Duterte as Don Quixote
“The trouble with us in government is that we talk too much, act too slow, and do little.”—President-elect Rodrigo R. Duterte
Why do government officials and employees—be they clerks, regional directors, congressmen, senators or Malacañang appointees, etc.—seem to have embraced, with impunity, the culture of arrogance and abuse (read: corruption) in dealing with the people?
Like it or not, I believe it’s because they are driven by absolute greed, the unending quest for power, and the urge to make money the easy way.
On June 30, once President-elect Rodrigo Duterte assumes office, this may have to be one of the many urgent concerns (in the minds of many other ordinary Filipinos) that he will have to address.
At 71, Duterte should have the guts, physical stamina and emotional balance to impose law and order as he had promised during the election campaign. On top of his promise to stop the worsening criminality and illegal drug trafficking, Duterte has to have the nerve of steel and the heart of the lion to steer his administration as he envisions it to be—with no biases, executing the law without fear or favor.
Duterte wants a country free of illegal drugs, where its people can sleep safe and sound. He wants a country where every man and woman can wave the national flag with pride and respect. He wants a country prosperous enough to wrest millions of Filipinos from the clutches of extreme hunger and despair.
To the tough-talking mayor of Davao, it’s a do or die kind of governance. As I see it, his first year would be crucial and maybe “bloody,” as he himself put it. For example, cleaning up the bureaucracy, definitely, would not be a walk in the park, so to speak. And ridding the country of drug lords, rapists and criminals would be far more difficult.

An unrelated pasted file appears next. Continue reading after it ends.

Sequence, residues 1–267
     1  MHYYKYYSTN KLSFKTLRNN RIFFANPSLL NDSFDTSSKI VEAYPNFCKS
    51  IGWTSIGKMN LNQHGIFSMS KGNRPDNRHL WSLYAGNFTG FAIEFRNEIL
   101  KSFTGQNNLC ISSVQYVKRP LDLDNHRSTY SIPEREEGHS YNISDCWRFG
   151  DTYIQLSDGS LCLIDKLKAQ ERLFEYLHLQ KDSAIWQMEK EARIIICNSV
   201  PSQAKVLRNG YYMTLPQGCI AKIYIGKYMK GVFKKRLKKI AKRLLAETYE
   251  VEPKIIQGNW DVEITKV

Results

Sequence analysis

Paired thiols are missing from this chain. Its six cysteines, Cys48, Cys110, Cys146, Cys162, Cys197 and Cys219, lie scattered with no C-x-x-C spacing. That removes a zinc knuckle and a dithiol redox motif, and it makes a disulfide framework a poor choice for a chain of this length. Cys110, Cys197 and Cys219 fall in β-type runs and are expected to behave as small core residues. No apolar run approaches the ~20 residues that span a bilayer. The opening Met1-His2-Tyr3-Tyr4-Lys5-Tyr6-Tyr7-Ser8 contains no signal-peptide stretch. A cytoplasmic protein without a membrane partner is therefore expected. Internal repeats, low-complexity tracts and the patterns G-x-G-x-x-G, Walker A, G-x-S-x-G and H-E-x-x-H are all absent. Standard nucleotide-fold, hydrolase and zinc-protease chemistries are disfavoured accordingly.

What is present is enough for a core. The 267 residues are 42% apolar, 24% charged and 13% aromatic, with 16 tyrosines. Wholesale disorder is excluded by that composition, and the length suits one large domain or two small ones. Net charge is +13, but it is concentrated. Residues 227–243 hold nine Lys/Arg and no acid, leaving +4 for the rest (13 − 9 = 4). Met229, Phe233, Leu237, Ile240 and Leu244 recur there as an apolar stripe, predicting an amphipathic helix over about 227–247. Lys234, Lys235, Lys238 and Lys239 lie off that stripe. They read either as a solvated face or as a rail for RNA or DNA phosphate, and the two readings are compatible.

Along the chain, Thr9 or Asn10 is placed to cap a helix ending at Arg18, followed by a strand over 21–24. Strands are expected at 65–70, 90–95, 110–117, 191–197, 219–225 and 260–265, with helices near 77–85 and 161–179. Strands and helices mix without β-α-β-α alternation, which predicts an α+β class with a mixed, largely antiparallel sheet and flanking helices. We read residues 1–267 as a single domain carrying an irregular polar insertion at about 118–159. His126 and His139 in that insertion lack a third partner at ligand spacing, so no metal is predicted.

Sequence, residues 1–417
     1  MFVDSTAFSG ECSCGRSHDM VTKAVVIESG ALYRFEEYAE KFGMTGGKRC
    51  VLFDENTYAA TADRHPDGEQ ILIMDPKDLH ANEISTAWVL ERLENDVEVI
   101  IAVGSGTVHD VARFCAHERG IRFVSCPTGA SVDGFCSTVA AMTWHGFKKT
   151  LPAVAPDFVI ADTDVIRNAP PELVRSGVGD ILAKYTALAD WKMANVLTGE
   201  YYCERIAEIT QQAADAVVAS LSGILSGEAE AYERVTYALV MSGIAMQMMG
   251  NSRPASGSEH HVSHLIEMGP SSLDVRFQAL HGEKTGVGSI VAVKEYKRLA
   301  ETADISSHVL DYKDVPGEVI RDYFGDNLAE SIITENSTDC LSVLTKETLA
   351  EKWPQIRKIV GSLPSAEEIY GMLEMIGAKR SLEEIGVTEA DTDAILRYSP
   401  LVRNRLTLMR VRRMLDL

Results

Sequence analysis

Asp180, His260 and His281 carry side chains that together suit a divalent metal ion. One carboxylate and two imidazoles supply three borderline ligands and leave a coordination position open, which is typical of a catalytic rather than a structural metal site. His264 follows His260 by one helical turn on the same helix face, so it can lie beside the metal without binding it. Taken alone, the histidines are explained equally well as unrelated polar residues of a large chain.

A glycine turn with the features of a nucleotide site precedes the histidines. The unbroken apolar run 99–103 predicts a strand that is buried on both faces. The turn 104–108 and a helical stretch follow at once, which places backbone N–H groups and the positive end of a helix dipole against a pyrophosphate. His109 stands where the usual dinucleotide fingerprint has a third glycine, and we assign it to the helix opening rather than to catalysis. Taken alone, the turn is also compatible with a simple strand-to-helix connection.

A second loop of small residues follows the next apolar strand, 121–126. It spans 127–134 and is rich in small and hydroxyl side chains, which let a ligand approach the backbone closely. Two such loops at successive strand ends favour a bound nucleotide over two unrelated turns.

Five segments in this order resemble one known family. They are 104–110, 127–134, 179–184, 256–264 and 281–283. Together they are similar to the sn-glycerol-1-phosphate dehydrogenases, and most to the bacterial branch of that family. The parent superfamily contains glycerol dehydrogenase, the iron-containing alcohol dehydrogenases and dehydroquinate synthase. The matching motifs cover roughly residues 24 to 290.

Definitely, they are disturbing to those who benefit from crime and large-scale thievery.
A lawmaker once proposed an “anti-arrogance law” that would penalize government officials and employees who display rude and arrogant behavior in the performance of their duties as public servants. There was also a proposal for the enactment of an “antiname-dropping law” that would also penalize private individuals flaunting their “connections” to high government officials to get out of “sticky situations.”
Unfortunately, these proposals never went “viral” among our lawmakers, to whom being a public official is a “license” to be arrogant toward ordinary citizens.
With his vow to fight corruption in government, Duterte may look like a Don Quixote in the making. But it’s a fight Duterte has committed himself to, however a make-or-break fight it is for him and his administration.
Academics say this time and again: The reason our nation wallows in rotten governance is simply the lack of patriotism of our government people. But there is no denying that as citizens, we tend to be self-centered, concerned only about ourselves and our families, and about our incomes and business ventures.
In others words, accountability to the people and the nation has been sidelined by a greedy few, to the detriment of the majority.
—RUFFY MAGBANUA, [email protected]
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